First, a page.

Covenant Prayer Lenten Devotional: Week 3

Posted by Margo Leavitt on

Put me to what you will, rank me with whom you will
Put me to doing, put me to suffering

The story of Jonah comes to my mind as I meditate on these lines. This is one of those stories that gets put away in the back of my brain with campfire songs and nursery rhymes. It’s easy to give the man a hard time for his mistakes - no surprise when his story is often told in a comedic tone. Can this story, often reserved for Sunday School, approach the spiritual complexity of the prayer we’re dwelling on? Yes! Dive a bit deeper into the story (excuse my pun) and I think we all have a bit of Jonah in us.

I believe that each of us truly desires to embody the spirit of the Wesley Covenant Prayer, which is a fitting response to God’s grace in our lives. Wholehearted surrender has so much promised in return, and it’s an amazing experience. But honestly, it makes me squirm a bit; I don’t particularly love the line about suffering. I can very quickly make a list of places I don’t really want God to place me, whether for my growth or others’ redemption. What better example of this than the story of Jonah?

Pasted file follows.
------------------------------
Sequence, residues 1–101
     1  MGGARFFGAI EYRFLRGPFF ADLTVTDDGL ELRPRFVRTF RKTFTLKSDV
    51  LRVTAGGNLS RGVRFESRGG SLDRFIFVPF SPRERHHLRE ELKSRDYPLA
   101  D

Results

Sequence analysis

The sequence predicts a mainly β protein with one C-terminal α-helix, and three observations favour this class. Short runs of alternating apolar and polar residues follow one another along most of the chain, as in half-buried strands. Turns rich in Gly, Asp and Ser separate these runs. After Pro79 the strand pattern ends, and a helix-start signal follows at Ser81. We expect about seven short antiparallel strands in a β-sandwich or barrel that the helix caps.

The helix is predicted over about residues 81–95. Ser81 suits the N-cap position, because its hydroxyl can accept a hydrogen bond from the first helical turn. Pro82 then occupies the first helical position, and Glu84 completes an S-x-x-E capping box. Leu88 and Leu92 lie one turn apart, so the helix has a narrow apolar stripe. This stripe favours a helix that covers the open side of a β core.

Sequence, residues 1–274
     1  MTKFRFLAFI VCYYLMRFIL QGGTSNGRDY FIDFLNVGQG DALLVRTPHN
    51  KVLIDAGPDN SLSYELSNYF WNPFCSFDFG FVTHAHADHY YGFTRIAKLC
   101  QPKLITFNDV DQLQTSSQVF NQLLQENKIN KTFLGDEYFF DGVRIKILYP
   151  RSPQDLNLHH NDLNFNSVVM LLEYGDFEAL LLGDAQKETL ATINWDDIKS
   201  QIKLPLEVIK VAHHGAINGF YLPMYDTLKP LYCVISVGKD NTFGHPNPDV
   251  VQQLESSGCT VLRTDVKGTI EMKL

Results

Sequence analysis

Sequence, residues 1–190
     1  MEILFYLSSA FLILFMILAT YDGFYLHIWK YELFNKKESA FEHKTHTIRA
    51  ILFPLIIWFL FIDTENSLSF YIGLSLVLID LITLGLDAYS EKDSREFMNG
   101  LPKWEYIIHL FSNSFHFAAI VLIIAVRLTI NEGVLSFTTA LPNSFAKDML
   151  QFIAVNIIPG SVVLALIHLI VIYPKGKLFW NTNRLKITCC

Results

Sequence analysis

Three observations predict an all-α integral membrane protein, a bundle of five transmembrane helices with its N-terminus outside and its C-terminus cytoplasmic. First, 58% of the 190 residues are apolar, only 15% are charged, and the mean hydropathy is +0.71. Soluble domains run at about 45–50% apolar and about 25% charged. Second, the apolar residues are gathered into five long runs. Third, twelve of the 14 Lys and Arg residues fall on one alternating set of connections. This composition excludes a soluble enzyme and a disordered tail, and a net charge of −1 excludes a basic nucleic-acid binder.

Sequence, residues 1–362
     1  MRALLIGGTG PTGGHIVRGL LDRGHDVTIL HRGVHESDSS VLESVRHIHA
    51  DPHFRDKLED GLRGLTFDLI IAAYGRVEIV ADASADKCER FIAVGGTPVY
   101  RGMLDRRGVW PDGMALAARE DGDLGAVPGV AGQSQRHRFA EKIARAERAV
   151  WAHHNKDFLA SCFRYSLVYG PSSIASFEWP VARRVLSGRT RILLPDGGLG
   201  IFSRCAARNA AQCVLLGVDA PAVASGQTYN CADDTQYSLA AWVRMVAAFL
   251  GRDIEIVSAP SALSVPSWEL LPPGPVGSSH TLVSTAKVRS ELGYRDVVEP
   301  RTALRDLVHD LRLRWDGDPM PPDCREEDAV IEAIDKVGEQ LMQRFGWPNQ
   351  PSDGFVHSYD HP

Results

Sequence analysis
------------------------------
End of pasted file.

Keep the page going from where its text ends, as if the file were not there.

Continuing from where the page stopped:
Put me to what you will, rank me with whom you will

Put me to doing, put me to suffering

Which of these scares you? Which are hard to obey?

We all know what it’s like to end up in the proverbial “belly of the whale”. No matter how literally you interpret the story, it doesn’t take an expert to imagine that Jonah didn’t enjoy the stormy boat ride or being swallowed by a fish. The season of Lent and the Covenant Prayer both offer us a chance to surrender again to God’s path. The story doesn’t end without grace for both Jonah and the people of Nineveh he was sent to in the first place, and there is enough for each of us in our stories too.

I can experience the mercy of God each time I stray, but his desire for our complete surrender remains. This is where we’re commanded to grow. Those who know me know that I am stubborn… obedience is not in my nature. Put simply, it’s hard. This bit of wisdom from Oswald Chambers sheds light on why, and knowing why makes the how a bit easier:

“As long as I dwell on my own qualities and traits and think about what I am suited for,
I will never hear the call of God.”

“God never coerces us. Sometimes we wish He would make us be obedient, and at other times we wish He would leave us alone. Whenever God’s will is in complete control, He removes all pressure. And when we deliberately choose to obey Him, He will reach to the remotest star and to the ends of the earth to assist us with all of His almighty power.” (Oswald Chambers)

This Lenten season, God offers us a new start and asks again for our total surrender as we pray this prayer.